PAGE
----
Rendering Engine Update 4

Since the last post, I’ve decided on a name for this project – Flex Engine! I basically decided on it because it sounded neat, it’s short, and it’s easy to remember. However, as other people have pointed out it’s actually quite fitting to the project itself since both OpenGL and Vulkan are supported the engine is kind of Flexible.

Other than deciding on a name, I’ve also made quite a bit of real progress on the engine. Starting about two weeks ago I began working full-time on the project, which is letting me progress much faster. As mentioned at the end of the previous entry, the next items on my to-do list were; skyboxes, deferred shading, and Physically Based Rendering, or PBR. Skyboxes were quickly checked off the list, then I moved on to the other two.

I started off the full-time period by finishing the final bits of deferred shading. I then began tackling PBR. If you haven’t heard of it, it’s basically just an alternative set of techniques used for lighting objects. The typical “beginner” algorithm used for lighting calculations is called Blinn-Phong, and while it works alright, it’s about forty years old and we can do much better.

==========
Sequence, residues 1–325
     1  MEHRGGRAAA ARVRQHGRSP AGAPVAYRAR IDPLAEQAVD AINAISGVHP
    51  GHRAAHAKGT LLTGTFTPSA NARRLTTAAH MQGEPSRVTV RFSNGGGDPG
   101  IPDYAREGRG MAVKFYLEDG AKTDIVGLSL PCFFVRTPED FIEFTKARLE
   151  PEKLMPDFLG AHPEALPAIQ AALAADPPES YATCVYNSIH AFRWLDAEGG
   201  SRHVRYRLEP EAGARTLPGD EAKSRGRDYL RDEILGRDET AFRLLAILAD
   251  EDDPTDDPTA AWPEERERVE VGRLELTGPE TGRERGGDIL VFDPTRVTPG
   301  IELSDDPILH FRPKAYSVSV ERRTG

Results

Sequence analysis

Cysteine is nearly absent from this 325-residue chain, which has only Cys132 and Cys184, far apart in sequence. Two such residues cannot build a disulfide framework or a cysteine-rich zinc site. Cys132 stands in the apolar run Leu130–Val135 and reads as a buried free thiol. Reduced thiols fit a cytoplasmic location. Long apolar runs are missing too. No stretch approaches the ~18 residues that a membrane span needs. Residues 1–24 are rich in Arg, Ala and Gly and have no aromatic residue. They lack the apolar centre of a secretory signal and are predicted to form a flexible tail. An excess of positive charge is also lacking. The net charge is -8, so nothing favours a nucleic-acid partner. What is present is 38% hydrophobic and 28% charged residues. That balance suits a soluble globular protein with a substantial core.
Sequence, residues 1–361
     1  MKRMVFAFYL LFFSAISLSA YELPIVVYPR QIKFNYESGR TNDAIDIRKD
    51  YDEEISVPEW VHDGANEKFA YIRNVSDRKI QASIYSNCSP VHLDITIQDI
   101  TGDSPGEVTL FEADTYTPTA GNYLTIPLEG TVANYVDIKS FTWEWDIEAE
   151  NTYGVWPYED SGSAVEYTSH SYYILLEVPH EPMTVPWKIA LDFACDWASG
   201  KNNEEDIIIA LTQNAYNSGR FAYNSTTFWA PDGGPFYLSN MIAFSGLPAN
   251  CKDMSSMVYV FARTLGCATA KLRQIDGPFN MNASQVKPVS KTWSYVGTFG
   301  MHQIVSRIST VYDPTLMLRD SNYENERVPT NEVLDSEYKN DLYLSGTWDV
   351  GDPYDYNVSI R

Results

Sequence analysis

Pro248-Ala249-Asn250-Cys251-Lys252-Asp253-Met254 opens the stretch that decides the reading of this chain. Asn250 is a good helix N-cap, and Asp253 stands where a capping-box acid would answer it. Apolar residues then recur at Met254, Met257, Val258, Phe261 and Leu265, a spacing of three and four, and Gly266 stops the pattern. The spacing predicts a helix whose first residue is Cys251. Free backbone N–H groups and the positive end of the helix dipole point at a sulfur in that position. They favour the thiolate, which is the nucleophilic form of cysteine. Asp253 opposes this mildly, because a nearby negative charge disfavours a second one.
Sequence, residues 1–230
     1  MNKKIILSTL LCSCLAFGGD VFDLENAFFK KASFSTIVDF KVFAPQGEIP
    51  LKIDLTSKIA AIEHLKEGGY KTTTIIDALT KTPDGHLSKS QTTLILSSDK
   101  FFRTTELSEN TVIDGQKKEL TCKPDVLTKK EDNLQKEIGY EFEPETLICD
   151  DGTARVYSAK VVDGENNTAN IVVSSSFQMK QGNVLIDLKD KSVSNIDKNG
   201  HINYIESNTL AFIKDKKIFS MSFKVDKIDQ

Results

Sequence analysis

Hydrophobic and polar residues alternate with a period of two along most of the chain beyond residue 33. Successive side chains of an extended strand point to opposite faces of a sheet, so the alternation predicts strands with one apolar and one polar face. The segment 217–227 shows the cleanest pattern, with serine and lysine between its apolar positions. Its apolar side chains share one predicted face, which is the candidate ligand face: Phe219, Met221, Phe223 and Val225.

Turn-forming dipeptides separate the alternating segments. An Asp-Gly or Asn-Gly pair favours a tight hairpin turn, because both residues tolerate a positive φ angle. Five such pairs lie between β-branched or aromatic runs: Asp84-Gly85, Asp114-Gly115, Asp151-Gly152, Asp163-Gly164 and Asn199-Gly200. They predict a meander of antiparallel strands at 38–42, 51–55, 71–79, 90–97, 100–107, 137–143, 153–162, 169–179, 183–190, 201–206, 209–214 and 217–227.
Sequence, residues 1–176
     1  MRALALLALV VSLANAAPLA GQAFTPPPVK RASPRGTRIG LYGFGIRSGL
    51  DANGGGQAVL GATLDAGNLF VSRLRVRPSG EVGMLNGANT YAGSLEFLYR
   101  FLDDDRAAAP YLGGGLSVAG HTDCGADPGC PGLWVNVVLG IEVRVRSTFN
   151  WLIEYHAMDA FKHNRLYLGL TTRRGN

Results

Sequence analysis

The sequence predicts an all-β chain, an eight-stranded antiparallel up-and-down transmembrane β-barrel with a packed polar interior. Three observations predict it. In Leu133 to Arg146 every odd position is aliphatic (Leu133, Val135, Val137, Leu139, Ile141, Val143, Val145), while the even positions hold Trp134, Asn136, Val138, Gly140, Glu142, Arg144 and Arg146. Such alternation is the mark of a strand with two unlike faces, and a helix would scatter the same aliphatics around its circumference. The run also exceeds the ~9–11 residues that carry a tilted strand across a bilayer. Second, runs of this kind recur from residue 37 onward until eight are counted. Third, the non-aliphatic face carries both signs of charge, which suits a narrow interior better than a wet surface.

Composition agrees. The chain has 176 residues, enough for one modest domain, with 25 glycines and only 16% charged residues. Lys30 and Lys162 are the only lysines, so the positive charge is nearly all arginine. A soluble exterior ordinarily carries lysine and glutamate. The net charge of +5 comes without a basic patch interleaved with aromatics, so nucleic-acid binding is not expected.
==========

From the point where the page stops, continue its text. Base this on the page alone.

PBR (left), Blinn-Phong (right)

While this comparison is slightly exaggerated since the textures were authored using the PBR workflow, one clearly looks more like a rusted iron ball.

After that was implemented in both OpenGL and Vulkan, I moved on to adding support for a feature commonly associated with PBR – Image Based Lighting, or IBL. It is an attempt to take into account the environment’s effect on an object’s final color. It adds a great deal of realism and it really makes PBR shine.

2017-10-04_14-13-41

My current implementation of IBL (not quite working correctly yet)

Once IBL is fully implemented in both APIs, I will begin working on adding support for reflection probes. The general idea is this: instead of sampling a global cubemap for all objects (like above), individual snapshots of different parts of the world are taken and then used depending on each object’s position. One example of why this is needed is seeing reflections of clouds on objects that are indoors tends to look a bit off. Reflection probes can be placed around the world (some inside, some outside) and objects will use a blend of the nearest cubemap captures to create more realistic reflections.

That’s all for now, thanks for reading!

-AJ

Advertisements

Leave a Reply

Fill in your details below or click an icon to log in:

WordPress.com Logo

You are commenting using your WordPress.com account. Log Out / Change )

Twitter picture

You are commenting using your Twitter account. Log Out / Change )

Facebook photo

You are commenting using your Facebook account. Log Out / Change )

Google+ photo

You are commenting using your Google+ account. Log Out / Change )

Connecting to %s